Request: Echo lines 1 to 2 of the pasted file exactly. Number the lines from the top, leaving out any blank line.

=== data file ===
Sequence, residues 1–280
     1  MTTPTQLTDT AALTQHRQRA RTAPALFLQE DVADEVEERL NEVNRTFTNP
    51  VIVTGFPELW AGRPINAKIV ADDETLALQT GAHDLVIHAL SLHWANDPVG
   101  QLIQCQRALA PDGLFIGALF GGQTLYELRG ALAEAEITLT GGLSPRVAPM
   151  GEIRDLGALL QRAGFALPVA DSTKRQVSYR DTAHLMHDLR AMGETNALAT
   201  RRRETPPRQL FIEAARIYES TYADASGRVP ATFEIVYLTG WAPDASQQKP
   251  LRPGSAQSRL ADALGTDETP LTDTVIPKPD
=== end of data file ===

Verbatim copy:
Sequence, residues 1–280
     1  MTTPTQLTDT AALTQHRQRA RTAPALFLQE DVADEVEERL NEVNRTFTNP